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Userland support for suspend
~~~~~~~~~~~~~~~~~~~~~~~~~~~~~~~~~~~~~
Copyright (C) 2005 Rafael J. Wysocki <rjw@sisk.pl>
Copyright (C) 2006 Pavel Machek <pavel@suse.cz>

This package contains some userland tools allowing you to suspend a Linux
system either to disk or to RAM.  These tools provide some capabilities
that are not available in the vanilla Linux kernel.

The suspend to disk can be carried out with the help of s2disk and resume
utilities which use the software suspend userland interface available in
the Linux kernel 2.6.17 or above.  Among other things, they provide the
following features:

- suspend image checksumming
- suspend image compression
- suspend image encryption
- (limited) support for splash screens and graphical progress meters

that are not provided by the in-kernel software suspend code (swsusp).
Please refer to the HOWTO document in this package for more information about
these utilities and installation instructions.

The s2ram tool allows you to suspend the system to RAM and restore the state
of the graphics adapter after the resume automatically.  For this purpose it
uses the code out of vbetool and radeontool utilities, needed for handling
quite a lot of graphics cards after the resume from RAM. The s2ram tool uses
three different methods to suspend the machine:

- KMS: s2ram try first suspend the machine using KMS (Kernel Mode Set) if the
  kernel supports it. With this method s2ram don't need extra parameters
  (quirks).
- Whitelist: s2ram has a whitelist of machines that are known to work with it.
  This whitelist includes the quirks to suspend known machines. The whitelist
  was used prior to suspend-utils version 1.0, and now the whitelist is not
  updated. The database is used because has a lot of machines included and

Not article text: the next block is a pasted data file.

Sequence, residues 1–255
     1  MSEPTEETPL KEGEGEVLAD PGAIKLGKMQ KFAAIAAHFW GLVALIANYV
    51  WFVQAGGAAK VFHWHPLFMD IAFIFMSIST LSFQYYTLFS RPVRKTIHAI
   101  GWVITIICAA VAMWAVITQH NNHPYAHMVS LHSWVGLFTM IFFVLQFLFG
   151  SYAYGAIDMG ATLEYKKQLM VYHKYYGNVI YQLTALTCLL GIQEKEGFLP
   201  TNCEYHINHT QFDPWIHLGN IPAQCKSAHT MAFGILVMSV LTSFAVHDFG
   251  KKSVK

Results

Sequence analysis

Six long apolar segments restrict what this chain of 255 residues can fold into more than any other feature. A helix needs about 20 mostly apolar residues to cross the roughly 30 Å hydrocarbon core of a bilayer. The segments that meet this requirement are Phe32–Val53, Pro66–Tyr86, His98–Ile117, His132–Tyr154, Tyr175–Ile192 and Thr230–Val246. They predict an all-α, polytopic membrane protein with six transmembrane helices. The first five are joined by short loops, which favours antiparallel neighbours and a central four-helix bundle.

many users are using it. Please refer to the document README.s2ram-whitelist
  in this package for more information about the s2ram whitelist.
- Configuration file: s2ram can use the configuration file to read the extra
  parameters (quirks). This option is useful if the kernel don't support KMS
  (for example, kernel compiled without support), if the machine is not
  included in the whitelist (for example, new machines) or if the user wants
  to override the quirks of the whitelist file.

The flow of options is:

1. If the kernel supports KMS, then use it. This option can be overriding
   using the argument "-k" in s2ram (s2ram -k). Is possible test if the
   kernel supports KMS using the argument "-K".
2. If the kernel don't support KMS, or the user override it, then s2ram
   checks if the configuration file has the parameters. If the parameters
   are included, s2ram use them, else, the whitelist is used. Is possible
   test if the machine is in the whitelist using the argument "-n".

The full table of options is:

User want    = What the user needs for their machine (KMS, Whitelist or their
               own specific quirks).
KMS support? = If the kernel has KMS support enabled.
In WL?       = If the machine is included in the whitelist.
Command Line = What should do the user in the command line (s2ram options).